Cal Williams Jr – Winter Dove | Album Review

Cal Williams Jr – Winter Dove

Self release

10 songs / 39:22 minutes

Based in Adelaide, South Australia, Cal Williams Jr is a guitarist/singer-songwriter with a focus on blues and folk music, whose reputation has been steadily growing in recent years, both at home in Australia and in the United Kingdom. In addition to performing and recording, Williams is the author of numerous instructional books for guitar and ukulele, including books on alternate tunings and a volume devoted to songwriting. He’s also a performing member of The Hushes, a trio that weaves bluegrass, folk, and blues elements into an intriguing acoustical brew.

Winter Dove is his sixth solo effort, and it follows a format similar to that of his previous releases, featuring an assortment of acoustic blues and folk songs, with Williams on acoustic guitar and vocals, along with his long-time musical partner Kory Horwood on upright bass and vocals, Kelly Menhennet on backing vocals, Heather Stratfold on Cello, Chris Finnen on guitar and percussion, and Anthony Stewart on guitar and mandolin.

Recorded at a beach house in Aldinga during a summer heatwave, Winter Dove provides an introspective reflection on acoustic blues and folk music. Williams has once again teamed up with long term musical partner and highly-acclaimed upright bassist Kory Horwood to create an album that focuses primarily on older folk blues tunes, weaving heartfelt stories highlighted by William’s understated fingerpicking and plaintive vocals.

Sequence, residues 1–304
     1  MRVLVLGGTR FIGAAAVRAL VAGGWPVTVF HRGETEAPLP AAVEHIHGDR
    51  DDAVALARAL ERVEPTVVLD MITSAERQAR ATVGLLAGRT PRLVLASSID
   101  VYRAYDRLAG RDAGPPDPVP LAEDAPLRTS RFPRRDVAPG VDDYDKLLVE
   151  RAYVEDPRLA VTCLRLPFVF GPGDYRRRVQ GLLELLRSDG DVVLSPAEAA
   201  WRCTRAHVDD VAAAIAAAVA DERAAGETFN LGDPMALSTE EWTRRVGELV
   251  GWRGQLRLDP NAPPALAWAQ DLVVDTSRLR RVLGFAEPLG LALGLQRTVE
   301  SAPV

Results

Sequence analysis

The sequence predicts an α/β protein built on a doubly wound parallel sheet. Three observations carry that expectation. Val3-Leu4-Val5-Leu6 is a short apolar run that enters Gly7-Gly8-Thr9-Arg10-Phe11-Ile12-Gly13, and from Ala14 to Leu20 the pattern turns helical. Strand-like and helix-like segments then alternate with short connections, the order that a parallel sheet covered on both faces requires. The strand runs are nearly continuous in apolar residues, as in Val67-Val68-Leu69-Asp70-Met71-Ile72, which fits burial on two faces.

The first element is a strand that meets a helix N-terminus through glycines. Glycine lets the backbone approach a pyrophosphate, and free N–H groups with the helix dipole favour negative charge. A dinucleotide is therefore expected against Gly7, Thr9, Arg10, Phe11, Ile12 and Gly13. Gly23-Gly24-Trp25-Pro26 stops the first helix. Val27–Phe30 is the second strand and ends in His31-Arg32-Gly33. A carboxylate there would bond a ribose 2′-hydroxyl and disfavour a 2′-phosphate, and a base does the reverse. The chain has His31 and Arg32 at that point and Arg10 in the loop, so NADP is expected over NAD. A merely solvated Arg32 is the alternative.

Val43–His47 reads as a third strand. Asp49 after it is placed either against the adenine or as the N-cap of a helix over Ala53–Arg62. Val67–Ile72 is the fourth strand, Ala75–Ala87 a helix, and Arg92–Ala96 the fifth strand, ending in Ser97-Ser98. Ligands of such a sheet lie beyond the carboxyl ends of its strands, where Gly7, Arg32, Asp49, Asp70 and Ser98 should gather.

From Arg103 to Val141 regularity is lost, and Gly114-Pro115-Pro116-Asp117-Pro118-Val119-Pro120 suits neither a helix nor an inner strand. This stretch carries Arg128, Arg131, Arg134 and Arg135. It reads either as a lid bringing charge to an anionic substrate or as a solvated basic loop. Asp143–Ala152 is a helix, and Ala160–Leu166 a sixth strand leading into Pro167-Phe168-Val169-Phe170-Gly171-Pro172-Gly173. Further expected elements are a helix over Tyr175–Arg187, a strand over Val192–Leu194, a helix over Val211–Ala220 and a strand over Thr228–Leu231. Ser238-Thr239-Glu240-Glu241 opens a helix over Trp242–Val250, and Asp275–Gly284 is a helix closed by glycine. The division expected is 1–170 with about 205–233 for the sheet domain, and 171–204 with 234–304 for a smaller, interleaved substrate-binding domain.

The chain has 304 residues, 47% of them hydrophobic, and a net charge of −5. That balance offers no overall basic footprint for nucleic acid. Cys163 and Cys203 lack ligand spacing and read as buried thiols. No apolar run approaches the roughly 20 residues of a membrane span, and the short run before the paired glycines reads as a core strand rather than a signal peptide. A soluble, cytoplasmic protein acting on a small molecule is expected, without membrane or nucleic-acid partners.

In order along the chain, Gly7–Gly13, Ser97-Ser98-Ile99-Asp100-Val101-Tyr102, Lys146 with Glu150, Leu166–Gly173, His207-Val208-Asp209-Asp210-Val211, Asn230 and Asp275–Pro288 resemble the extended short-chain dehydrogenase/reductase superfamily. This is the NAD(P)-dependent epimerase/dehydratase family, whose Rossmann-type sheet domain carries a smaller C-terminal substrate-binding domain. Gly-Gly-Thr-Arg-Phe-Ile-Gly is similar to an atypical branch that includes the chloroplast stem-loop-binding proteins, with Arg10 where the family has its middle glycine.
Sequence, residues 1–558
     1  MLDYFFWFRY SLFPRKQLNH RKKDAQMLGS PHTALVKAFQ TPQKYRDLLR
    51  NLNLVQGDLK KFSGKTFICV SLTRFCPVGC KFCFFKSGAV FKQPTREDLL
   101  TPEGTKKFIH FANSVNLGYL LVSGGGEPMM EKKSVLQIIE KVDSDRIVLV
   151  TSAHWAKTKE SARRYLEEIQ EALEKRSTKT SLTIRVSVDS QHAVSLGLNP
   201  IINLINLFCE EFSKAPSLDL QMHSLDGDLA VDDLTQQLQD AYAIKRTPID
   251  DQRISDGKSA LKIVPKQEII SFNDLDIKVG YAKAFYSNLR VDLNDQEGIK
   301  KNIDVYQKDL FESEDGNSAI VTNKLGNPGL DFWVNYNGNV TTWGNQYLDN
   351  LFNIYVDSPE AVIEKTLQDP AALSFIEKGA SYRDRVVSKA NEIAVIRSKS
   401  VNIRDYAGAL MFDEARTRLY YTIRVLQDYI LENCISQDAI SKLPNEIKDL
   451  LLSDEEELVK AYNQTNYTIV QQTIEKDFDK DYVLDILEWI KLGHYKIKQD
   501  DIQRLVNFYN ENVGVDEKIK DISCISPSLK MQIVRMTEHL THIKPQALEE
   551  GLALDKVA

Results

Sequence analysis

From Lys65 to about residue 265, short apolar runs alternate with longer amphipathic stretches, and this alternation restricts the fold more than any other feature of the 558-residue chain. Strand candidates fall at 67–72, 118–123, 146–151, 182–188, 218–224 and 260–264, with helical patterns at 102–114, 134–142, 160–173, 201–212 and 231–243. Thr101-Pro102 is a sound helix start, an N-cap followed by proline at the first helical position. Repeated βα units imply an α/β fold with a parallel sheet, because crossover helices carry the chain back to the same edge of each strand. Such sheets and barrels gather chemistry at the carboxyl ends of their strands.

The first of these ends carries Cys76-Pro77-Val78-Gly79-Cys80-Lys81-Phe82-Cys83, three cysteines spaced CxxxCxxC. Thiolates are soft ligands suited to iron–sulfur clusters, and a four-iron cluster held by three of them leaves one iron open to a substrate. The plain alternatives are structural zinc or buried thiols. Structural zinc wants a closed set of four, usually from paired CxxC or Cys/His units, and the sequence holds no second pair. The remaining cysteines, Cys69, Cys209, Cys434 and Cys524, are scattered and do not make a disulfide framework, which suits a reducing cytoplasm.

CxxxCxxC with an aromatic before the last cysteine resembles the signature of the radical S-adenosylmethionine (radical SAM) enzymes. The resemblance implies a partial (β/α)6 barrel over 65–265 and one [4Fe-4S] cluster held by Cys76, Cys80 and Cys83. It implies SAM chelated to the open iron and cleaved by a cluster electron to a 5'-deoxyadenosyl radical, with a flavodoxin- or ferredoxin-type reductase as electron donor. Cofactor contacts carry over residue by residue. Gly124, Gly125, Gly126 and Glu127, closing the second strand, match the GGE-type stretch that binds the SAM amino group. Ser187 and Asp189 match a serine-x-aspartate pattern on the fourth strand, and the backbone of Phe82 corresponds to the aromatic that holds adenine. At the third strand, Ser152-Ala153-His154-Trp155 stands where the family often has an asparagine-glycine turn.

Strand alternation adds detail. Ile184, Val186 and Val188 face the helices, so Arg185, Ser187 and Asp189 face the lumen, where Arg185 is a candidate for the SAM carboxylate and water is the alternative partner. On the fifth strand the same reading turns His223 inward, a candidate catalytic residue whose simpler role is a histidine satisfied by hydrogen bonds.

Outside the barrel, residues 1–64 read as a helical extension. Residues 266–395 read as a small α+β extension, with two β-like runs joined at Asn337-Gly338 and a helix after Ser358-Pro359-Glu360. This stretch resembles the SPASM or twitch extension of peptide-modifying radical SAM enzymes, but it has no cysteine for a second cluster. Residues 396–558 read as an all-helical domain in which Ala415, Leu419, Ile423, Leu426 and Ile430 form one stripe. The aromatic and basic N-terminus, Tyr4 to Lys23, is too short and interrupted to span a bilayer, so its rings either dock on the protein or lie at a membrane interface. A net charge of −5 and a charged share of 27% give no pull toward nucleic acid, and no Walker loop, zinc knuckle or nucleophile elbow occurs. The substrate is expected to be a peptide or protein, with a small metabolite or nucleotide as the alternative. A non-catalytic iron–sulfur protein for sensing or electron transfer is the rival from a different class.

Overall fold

For this collection, Williams combines a variant of traditional British folk fingerpicking with his unique approach to the acoustic slide guitar to create a sound that is both intricate and rhythmic, but never overwhelming. His soft tenor is evocative of Mississippi John Hurt, while his playing combines elements of Delta blues and traditional folk and bluegrass music. Williams’ playing throughout this CD is refined yet somewhat understated, especially compared to some of his live performances that can be easily found on YouTube.

The opening track, “Can’t Get Well No More”, has a familiar, loping quality to it. It feels very intimate, almost as if you’ve stumbled upon a private, back porch performance, and it clearly showcases Williams’ acoustic blues sensibility.

The second cut, the melancholy “World of Stone,” features some gorgeous fingerpicking and a haunting cello that leaves its way throughout the performance.

The third track, “How Can a Poor Man Stand Such Times and Live?”, showcases the softer side of Williams’ fingerpicked approach to slide guitar, and features some lovely background harmony vocals.

“Daniel in the Lion’s Den” features an interesting, bowed double bass intro, and has a bluegrass feel to it. Other songs include the title track, “Winter Dove”, a delicate combination of British folk music and American gospel, with some wonderful background harmony vocals and a subtle string arrangement. And, the beautifully fingerpicked spiritual, “Can’t Feel at Home in This World Anymore” is a real delight.

This collection requires the listener’s attention, and while the instrumentation is beautifully recorded – the interplay between musicians is seamless – the subtlety of Williams’ voice sometimes gets lost. Perhaps adding some compression to his vocals might have helped balance its volume in certain tracks.

All in all, this is a quiet album, and focuses on the softer side of Williams’ playing and vocals. Headphones will allow the listener to fully appreciate all of the subtle details that can be found in these songs, and whet your appetite for more. And a quick visit to YouTube will provide the listener with a glimpse of a much more lively performer than might be expected, and is well worth the trip!

Regardless, if you’re a fan of traditional acoustic blues and folk music, do check out Winter Dove. It’s an enjoyable collection of traditional tunes performed with introspection, subtlety and sincerity by an intriguing performer. This is a relatively short album, with all 10 songs clocking-in at just over 39 minutes, but there are no wasted moments on Winter Dove.

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